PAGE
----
The Reserve Bank of Australia is the only authority that can legally issue banknotes of the Australian dollar and is tasked with, in broad terms, safeguarding the AUD as an effective payment method. Besides setting monetary policies, this also encompasses strategizing on how to combat counterfeiting of the Australian dollar.
In that context, the RBA analyses the trends of counterfeiting in Australia and issues reports on the findings. The most recent report of this nature, Recent Trends in Banknote Counterfeiting, has shown that counterfeiting of the AUS has been on a downward trajectory since the last report in 2019. Here, we will summarize the most important features of the report.
The counterfeiting rate (the number of counterfeit notes per a million true banknotes in circulation, ppm) in 2021 was 9 ppm. The RBA received counterfeit notes with an approximate value of 1,300,000 AUD, as opposed to the 102 billion AUD value of the genuine banknotes in circulation.
This rate is much lower than the 27 ppm from 2015, which was when counterfeiting was at its peak in Australia.
The RSB report attributes the decline in counterfeiting to two major factors:
The level of counterfeiting is inversely proportional to the lockdown measures that were imposed. To put it simply, the harsher the restrictions, the fewer counterfeits that were detected. The Australian Government imposed measures where members of a household were allowed to leave only for a specific set of reasons.
This allowed fewer opportunities for fake bills to be passed in stores. Unsurprisingly, retailers that were categorized as essential and allowed to operate more freely reported higher levels of counterfeits than retailers that were deemed non-essential.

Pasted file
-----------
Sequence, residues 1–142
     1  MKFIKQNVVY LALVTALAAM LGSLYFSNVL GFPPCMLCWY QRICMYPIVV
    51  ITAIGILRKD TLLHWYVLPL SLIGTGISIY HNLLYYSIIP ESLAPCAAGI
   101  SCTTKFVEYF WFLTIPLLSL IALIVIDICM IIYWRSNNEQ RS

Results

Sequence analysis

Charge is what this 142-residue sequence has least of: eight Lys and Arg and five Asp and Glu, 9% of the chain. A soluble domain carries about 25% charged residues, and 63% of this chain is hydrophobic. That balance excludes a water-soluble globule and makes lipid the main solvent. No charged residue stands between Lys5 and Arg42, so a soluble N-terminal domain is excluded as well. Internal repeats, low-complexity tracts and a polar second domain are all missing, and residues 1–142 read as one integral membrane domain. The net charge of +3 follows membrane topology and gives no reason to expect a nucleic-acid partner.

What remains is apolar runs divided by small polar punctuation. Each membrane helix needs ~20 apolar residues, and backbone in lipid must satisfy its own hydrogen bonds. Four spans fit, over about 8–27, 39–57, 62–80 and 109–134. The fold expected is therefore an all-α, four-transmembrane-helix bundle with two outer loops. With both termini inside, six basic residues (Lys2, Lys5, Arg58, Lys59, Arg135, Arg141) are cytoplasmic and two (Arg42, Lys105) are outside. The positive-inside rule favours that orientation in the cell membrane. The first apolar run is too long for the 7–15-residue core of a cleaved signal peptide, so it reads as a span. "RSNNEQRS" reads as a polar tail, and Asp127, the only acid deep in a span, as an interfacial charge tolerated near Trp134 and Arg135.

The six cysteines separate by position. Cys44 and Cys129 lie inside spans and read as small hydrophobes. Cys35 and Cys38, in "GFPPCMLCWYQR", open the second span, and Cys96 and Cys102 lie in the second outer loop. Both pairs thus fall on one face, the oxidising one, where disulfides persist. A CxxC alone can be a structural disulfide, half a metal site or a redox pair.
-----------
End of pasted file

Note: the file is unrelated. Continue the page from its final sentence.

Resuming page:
However, as Australian states have been ending or easing lockdown measures since 2021, there are indicators that counterfeiting is again on the rise.
The NGB banknotes have more advanced security features than the previous series, making them harder to counterfeit. According to the RBA's report, the release of the NGB series correlates to the decline in counterfeiting.
A related factor is that the NBG series has become more common in circulation compared to the previous series. Thus, not only is the NGB harder to counterfeit, but the old series has become rarer, which leads to increased scrutiny of older banknotes, making it harder for counterfeiters to pass the banknotes.
The RNB report list two other factors that impact the decline in counterfeiting
In the previous decade, the 50 AUD was the most counterfeited banknote. Since 2020, the 100 AUD has taken that spot and continued to be so in 2021. According to the report, one counterfeiter that specializes in the 100 AUD banknote is major contributor to this shift.
While the situation with counterfeiting is improving per the report, you should still be careful when purchasing Australian dollars. If you are in the US and wish to buy AUD at premium rates, go to US First Exchange. You can pay by credit card and we will deliver high-grade, genuine banknotes right to your address.
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